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Faded grandeur: The Virginian may be Cairo’s best-kept secret and its most magnificent view

This may be the simplest review I have ever been asked to complete. My experience with this place is unilaterally positive, and how many places in Cairo can you say this about?

I only ordered a single item off the menu. Any food I consumed on the premises I brought myself. Yet I can say unequivocally — without reservation — that this place is a must for all of Cairo’s food and beverage aficionados.

My sad situation is that I have many dear friends departing Cairo in the coming months. Many of them have a “bucket list,” things they wish to accomplish prior to departure. I counsel all of them to put this place near the top of each of their lists.

Let me explain. The place in question is The Virginian, a pub tucked spectacularly into an edge of the Moqattam cliff overlooking the city of the dead, Basateen, and, in the distance, Islamic and downtown Cairo.

Perhaps you know the place well. Perhaps you — like me — had heard the place mythologized but had never actually visited. Perhaps the existence of such a spectacularly unique place will surprise you. It certainly seems like something of a hidden gem. On a recent afternoon, we were the only group sitting as the sun set spectacularly over the horizon.

There are some things that are so gloriously endowed in a single particular area that they need no other claim to be considered extraordinary — Ahly player Mohamed Abu Treika’s free kicks, Abu Tareq’s mahalabeya (sweet pudding), the sound of Wust al-Balad playing live. If they never did anything else, their names would live on in glory for the utter splendidness of that single accomplishment.

The Virginian is just such a place. Its unique claim to fame? The view.

In short, The Virginian’s view is spectacular. Anyone who has driven on the Autostrade between the Citadel and the Ring Road knows exactly where The Virginian is: Peer up the cliff faced toward Moqattam, and The Virginian is located in the only cluster of trees you’ll see, dramatically nestled on the cliff’s edge.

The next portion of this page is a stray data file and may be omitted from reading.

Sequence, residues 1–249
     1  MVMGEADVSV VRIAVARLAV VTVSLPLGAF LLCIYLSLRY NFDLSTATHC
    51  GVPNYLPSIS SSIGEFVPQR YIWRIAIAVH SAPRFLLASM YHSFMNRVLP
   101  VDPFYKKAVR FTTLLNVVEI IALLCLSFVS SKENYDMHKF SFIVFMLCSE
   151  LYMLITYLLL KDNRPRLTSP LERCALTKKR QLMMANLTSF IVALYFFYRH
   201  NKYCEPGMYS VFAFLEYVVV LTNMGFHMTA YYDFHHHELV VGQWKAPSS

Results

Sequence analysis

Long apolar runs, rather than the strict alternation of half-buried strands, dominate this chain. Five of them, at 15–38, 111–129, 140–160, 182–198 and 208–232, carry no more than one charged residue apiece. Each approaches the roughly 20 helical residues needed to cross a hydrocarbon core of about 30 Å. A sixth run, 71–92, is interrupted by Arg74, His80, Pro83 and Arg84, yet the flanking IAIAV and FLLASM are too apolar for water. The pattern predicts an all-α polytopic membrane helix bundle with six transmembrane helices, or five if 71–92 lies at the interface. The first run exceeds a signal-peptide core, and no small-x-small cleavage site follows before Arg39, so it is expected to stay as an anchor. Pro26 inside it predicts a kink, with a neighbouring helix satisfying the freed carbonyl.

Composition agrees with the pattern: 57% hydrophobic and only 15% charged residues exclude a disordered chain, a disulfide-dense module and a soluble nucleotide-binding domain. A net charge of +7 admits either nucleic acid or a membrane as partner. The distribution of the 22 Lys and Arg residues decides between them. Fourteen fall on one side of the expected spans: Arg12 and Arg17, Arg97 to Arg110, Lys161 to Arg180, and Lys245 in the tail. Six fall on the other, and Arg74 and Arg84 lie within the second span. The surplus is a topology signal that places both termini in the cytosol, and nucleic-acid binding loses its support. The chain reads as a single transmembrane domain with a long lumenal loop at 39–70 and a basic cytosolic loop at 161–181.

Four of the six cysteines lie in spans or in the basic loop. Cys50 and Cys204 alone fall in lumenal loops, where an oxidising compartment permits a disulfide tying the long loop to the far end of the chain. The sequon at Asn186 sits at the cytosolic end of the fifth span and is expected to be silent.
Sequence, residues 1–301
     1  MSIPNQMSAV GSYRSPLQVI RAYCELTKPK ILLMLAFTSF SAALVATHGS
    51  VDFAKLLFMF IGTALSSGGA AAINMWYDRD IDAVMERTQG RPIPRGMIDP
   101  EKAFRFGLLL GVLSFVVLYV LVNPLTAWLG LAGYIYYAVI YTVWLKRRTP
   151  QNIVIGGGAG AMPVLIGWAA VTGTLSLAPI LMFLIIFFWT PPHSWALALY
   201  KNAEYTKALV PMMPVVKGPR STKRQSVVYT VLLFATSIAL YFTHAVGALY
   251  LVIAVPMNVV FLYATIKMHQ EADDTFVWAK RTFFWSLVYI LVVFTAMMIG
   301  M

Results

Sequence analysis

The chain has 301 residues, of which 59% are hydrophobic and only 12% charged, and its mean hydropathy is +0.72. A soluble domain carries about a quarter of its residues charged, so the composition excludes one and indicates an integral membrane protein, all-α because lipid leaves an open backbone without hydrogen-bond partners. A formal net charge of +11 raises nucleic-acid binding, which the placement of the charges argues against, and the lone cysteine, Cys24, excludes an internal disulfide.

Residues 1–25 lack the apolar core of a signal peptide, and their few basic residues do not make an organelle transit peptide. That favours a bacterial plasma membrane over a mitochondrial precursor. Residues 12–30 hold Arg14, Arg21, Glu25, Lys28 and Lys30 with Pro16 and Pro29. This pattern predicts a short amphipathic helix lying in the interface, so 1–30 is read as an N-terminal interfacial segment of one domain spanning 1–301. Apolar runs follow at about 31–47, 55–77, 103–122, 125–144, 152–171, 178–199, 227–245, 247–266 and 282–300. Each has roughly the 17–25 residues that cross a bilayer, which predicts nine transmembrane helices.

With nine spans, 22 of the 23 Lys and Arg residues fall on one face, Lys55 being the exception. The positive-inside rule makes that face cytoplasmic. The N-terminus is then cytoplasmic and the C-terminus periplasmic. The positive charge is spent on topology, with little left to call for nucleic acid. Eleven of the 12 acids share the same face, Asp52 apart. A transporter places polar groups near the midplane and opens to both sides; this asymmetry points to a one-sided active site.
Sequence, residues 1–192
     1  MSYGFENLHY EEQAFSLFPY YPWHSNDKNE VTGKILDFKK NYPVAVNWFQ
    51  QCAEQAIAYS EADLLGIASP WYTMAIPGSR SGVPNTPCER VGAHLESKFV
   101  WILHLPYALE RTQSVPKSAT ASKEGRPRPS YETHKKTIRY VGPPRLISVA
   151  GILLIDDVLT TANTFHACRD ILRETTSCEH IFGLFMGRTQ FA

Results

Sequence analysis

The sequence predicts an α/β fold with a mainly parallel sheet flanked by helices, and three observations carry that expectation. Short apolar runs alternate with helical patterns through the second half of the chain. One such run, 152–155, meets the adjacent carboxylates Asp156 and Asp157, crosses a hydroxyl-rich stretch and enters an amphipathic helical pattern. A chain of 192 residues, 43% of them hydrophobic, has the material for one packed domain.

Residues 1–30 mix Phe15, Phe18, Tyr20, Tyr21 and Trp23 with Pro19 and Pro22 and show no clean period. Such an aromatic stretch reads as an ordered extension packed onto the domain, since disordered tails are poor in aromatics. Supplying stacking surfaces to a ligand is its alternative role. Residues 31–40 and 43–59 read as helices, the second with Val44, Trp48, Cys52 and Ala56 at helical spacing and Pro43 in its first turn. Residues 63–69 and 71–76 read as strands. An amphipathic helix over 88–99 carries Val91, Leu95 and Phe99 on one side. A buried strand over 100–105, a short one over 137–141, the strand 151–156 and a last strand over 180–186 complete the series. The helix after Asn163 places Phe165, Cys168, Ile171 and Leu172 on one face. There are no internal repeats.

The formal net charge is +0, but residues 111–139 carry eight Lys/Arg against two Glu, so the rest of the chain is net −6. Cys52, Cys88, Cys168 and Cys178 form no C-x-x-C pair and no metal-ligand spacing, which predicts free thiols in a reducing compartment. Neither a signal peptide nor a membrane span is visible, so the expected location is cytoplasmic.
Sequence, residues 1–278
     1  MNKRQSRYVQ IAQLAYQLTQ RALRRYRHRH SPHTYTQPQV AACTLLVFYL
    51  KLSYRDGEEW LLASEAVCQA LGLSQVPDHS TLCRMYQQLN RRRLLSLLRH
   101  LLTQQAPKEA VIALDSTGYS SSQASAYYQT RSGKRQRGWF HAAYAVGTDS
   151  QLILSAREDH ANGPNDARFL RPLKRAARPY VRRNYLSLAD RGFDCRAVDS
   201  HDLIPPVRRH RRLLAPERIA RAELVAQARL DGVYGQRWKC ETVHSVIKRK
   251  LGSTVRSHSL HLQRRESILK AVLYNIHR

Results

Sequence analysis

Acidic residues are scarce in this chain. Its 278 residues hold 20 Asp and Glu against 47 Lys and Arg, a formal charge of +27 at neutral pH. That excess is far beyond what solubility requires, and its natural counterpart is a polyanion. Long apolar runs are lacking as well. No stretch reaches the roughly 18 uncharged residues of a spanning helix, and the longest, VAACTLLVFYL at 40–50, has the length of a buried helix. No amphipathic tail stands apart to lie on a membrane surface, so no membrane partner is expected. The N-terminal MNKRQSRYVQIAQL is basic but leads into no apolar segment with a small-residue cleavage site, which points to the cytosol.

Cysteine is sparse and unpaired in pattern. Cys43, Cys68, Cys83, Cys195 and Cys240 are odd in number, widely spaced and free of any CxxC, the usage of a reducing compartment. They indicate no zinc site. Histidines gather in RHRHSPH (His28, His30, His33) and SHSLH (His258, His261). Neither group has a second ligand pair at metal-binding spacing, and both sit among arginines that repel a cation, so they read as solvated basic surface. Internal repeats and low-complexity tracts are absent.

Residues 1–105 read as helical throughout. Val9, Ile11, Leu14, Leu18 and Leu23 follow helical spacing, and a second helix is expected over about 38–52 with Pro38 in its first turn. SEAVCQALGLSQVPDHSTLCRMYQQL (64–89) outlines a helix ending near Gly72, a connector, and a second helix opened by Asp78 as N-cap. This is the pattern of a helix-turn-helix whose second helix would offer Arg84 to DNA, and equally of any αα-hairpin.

This glimpse from below does nothing to prepare you for the extraordinary view you have once you peer down from its terrace. The whole of Cairo is on display, including Helwan, the Pyramids and downtown Cairo, all the way up to Shubra.

Some pieces of this magnificent view come as a surprise. For example, what are all those lakes doing in Basateen? Airplanes on their final approach into Cairo’s airport whistle fearfully just overhead. In the evenings, the sun sets majestically over the river. Once the sun sets, all of Cairo lies at your feet, lit up like a field of lights. From this vantage, Cairo seems small and manageable. It’s not the only illusion The Virginian will peddle during your visit there.

The Virginian does have a menu, which I never sampled (I can hear you cackle — a food critic, who can’t even get around to eating?). Expecting the most rudimentary service, we brought our own snacks; we needn’t have, though the waitstaff didn’t seem to mind. We did order Stellas, and these were brought out regularly, and cold.

Apart from the view, The Virginian is clearly down on its luck. Not many people seem to visit. I am told that in a former life it was a house of ill repute. The decor hasn’t been updated seemingly since the era of King Farouk.

A stage stands dilapidated; oh, the stories it could tell. Now the establishment’s horse theme — with horse shoes and racing colors along the walls — seems tired and shabby, but also somehow alluring, as if a glimpse into a slice of Cairo long since passed, that is somehow interesting, alive. At times, the waitstaff makes you feel as if your presence is intruding on their long-established routine, which somehow doesn’t involve serving customers.

The Virginian is faded. Its menu is simple, its decor is tatty, and the waitstaff at times cares for the cats more diligently than they care for the clients. It is also majestic. I heartily recommend it.

The Virginian is open daily in the afternoon until the evening. To get there, head to Moqattam from the Citadel. At the top of the hill, once the buildings begin, turn right at the first intersection. Soon after, turn right again and follow the road left along a quiet street on the cliff edge. The Virginian will be on the right.

This piece was originally published in Egypt Independent's weekly print edition.

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